Ancestor of Forest Merry (Wava Davis), Prettyman Merry (1742-1817) was awarded 2000 acres near Covington, Kentucky, based on a petition on May 9, 1780 that was granted on March 10, 1784. On this plot of land he built a house that still stands today.
From a 1974 research paper by Patricia Shadwick: "Prettyman Merry built his four-room home well. It is built of field-stone with the walls two-foot thick. The stone was laid in loam sand with joints pointed. Giant hand-hewn black walnut logs with the bark left on were used as joists in the cellar to hold up the super-structure of more than 2,000 stones. Four different kinds of lumber -- black walnut, white pine, ash, and poplar -- were used in the construction of the "Landmark." The white pine floors still existing on the second floor of the building were hand grooved with a great degree of craftsmanship and black walnut door sills are now worn thin by the erosion of many feet. The construction is of pre-revolutionary style, typical of homes in the earliest colonial days of Virginia, Pennsylvania and New York. The eastern and western walls encompass the chimneys that carried smoke from the five fireplaces that heated the interior in the cold winter months. These were probably very adequate because of the insulation afforded by the thick stone walls. There were fireplaces in each room and the basement,. the one in the basement being used for the cooking of meals for the household."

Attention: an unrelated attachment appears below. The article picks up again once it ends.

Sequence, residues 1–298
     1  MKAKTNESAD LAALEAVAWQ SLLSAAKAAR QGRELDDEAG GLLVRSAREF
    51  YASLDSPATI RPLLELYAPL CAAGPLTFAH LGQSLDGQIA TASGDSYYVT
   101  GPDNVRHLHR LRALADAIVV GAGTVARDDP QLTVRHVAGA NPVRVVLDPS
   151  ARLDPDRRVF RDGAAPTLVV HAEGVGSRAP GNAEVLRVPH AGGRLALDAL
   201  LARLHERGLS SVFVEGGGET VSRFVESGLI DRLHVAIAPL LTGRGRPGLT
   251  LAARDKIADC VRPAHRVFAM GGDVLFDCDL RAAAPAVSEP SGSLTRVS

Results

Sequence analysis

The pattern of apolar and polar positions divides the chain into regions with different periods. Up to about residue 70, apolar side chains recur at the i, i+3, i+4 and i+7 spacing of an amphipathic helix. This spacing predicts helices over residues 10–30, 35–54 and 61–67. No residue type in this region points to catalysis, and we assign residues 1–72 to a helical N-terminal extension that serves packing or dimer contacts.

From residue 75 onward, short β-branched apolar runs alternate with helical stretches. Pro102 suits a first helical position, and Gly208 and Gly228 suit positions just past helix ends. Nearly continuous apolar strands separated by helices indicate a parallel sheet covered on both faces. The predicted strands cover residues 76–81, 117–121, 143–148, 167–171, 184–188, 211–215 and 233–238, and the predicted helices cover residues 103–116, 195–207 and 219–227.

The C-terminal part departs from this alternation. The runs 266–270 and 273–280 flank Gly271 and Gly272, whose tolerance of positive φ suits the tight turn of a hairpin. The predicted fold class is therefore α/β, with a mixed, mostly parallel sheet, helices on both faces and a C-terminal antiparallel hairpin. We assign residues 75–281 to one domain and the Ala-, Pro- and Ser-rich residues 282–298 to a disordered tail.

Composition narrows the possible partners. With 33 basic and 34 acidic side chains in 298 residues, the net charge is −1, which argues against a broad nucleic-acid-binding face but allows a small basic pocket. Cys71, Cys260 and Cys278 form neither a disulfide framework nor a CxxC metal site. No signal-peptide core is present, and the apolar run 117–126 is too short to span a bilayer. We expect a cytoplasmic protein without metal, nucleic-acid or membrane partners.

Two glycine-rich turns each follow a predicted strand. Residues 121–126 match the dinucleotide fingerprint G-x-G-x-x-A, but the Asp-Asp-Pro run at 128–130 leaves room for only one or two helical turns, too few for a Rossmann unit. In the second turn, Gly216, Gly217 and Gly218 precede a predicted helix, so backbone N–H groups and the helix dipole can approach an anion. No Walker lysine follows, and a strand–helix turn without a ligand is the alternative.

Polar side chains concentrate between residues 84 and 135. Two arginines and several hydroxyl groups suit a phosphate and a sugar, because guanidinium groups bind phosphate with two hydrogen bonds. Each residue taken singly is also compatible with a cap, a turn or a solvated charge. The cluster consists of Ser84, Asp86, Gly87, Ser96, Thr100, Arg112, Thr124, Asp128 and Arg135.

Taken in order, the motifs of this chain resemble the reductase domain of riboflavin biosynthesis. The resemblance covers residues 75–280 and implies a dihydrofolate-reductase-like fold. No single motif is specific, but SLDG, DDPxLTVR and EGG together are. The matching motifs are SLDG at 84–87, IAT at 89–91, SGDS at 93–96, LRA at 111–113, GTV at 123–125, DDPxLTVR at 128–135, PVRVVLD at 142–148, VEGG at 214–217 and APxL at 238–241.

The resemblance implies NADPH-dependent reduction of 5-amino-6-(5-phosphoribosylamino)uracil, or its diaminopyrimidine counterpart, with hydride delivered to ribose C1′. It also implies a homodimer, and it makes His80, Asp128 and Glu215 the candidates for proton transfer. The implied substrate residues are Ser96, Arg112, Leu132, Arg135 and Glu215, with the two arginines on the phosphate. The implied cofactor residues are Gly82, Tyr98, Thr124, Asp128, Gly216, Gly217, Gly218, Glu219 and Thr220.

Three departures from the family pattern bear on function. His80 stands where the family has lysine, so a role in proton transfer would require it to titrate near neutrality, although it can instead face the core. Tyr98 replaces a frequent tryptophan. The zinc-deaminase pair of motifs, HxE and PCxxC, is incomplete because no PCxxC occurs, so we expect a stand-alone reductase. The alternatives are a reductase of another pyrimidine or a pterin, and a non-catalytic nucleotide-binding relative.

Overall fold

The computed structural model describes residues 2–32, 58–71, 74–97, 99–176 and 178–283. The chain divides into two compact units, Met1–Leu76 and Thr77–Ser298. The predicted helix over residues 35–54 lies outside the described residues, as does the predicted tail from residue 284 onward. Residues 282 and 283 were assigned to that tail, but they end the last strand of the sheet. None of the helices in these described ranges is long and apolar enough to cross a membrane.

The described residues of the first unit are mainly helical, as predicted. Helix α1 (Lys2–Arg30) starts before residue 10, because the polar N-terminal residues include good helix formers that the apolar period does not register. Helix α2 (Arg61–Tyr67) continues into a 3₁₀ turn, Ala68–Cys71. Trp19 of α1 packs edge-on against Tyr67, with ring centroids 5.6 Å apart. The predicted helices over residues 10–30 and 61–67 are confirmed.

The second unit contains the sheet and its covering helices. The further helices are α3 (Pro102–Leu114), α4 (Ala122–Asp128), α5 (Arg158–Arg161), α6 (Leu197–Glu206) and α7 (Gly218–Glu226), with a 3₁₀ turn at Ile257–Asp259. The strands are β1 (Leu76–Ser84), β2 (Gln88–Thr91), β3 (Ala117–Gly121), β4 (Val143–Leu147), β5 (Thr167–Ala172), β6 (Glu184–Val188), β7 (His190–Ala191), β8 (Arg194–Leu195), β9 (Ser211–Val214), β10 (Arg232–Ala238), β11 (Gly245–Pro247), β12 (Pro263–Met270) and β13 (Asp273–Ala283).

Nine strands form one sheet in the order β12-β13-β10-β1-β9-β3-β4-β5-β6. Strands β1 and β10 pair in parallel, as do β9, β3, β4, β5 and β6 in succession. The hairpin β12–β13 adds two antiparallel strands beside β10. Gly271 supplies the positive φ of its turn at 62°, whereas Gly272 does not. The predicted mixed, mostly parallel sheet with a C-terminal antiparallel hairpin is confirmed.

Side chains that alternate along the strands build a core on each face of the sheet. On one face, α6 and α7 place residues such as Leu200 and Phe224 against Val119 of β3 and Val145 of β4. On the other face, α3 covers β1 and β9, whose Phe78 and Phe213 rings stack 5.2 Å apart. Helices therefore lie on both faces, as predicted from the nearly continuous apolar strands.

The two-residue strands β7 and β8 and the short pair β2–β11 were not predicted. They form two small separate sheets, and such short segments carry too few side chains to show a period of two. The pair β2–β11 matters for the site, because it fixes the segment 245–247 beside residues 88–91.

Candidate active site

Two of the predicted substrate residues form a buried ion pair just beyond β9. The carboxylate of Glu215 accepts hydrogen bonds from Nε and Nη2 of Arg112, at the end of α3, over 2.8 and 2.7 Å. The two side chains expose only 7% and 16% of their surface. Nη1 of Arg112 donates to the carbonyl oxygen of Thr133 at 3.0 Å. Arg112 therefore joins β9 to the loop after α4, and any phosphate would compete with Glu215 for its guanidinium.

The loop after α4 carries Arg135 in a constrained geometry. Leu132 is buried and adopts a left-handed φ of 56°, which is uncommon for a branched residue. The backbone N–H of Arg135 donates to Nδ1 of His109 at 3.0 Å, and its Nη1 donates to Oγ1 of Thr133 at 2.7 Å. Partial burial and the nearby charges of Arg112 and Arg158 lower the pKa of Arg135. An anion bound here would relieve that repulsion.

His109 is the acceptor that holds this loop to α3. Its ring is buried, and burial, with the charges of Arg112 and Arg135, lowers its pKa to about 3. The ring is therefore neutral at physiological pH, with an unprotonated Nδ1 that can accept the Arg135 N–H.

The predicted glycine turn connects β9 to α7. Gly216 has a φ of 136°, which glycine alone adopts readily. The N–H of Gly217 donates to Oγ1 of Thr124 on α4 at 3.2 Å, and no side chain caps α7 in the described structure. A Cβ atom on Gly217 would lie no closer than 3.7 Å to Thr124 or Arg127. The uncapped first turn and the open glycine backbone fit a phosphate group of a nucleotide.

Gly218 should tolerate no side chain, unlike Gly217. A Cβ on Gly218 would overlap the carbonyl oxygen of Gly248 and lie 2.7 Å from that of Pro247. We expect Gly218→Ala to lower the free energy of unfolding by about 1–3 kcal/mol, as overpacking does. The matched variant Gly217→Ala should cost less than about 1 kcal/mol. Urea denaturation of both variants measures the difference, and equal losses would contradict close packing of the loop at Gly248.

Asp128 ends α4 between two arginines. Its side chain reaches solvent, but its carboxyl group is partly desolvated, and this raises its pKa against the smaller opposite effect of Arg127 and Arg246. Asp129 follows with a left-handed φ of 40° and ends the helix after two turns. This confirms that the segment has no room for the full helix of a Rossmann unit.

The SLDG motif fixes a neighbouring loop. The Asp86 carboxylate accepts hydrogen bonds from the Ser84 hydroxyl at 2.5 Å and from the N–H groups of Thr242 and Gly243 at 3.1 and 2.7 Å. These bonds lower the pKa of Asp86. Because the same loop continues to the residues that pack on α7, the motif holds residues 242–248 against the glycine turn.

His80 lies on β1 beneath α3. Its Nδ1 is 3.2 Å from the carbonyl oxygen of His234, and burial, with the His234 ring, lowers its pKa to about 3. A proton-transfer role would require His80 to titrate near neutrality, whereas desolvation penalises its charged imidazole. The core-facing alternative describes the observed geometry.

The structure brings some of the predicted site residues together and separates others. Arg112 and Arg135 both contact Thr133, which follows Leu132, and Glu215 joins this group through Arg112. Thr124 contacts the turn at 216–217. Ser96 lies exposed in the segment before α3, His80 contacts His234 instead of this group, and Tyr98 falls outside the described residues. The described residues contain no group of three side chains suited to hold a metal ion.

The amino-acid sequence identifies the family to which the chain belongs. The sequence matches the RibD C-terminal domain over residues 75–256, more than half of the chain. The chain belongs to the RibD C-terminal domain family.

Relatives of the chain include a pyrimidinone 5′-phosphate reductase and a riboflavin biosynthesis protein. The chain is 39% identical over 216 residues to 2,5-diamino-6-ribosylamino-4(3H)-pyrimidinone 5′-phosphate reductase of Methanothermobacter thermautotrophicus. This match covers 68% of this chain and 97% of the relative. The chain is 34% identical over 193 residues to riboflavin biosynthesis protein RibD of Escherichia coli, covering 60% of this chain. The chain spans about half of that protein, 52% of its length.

The present residents are restoring the house.
We snapped this picture of a picture of one of the fireplaces from a photo album-- outside in the rain!
The beautiful front door is original to the house.
Original fountain in front yard.
This shed in the back was used as slave quarters at one time.